Friday, 3 September 2010

EU donates €55bn to Albania

The European Empire has managed to find an innovative new way to lose money to fraud and corruption - by giving €55.6bn to Albania, a country that somehow manages to be more openly corrupt than the bent eurocrats in the EU.

One project funded by our taxes is the almost €1.1m "Works for Reconstruction of roads of Village Marqinet 1 and Llanaj neighbourhood" awarded to an Albanian company, Albavia sh.p.k.  Marqinet is a village north west of the Albanian capital, Tiranë whilst Llanaj is in a forest in the mountains with no major roads.  How does this benefit us here in England?

Another is almost €2m for the "rehabilitation of infrastructure" around the mediæval castle on Rrugë Murat Toptani in Tiranë.  Which is nice but the castle is just ruins, literally a few stones above ground level (page 14 of this PDF). What infrastructure is there around a few lines of stones in the dirt that can absorb €2m in infrastructure costs?  How does that benefit us here in England?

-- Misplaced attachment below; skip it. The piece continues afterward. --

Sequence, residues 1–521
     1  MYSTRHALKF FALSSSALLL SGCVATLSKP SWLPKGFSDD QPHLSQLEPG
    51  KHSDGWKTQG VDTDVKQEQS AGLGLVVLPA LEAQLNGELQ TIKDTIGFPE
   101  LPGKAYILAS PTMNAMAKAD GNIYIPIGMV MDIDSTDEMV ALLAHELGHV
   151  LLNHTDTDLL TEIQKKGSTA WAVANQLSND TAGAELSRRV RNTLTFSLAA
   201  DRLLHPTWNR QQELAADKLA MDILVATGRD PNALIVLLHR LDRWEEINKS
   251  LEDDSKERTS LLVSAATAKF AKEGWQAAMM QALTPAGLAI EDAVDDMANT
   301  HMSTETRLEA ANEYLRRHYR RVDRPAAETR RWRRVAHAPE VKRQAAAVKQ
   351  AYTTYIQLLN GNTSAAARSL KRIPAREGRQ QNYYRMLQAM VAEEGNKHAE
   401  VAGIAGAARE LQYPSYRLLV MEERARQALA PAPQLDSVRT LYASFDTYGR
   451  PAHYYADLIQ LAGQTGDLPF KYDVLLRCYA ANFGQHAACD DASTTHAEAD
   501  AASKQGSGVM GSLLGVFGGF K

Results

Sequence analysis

The highest paid public official in Albania is the President who is on a salary of $12,612 (£8,166).  The GDP of Albania is only $12.39bn (€9.54bn) but the EU has "invested" €55.6bn into the Albanian economy.

There are some quite serious questions that have to be asked about all this money that's being pumped into Albania.  Firstly - and most importantly - why is the EU giving our money to Albania when Albania isn't even part of the EU?  Secondly, why has the EU pumped six times the GDP of the entire country into just 97 projects in one year?  Finally, with €55.6bn of our money being spent in just one year in Albania, why is their GDP still only €9.54bn?  Even RBS would struggle to make losses of that magnitude on a €55.6bn investment.

H/T: Old Holborn
See for yourself: European Commission > Beneficiaries > Financial Transparency System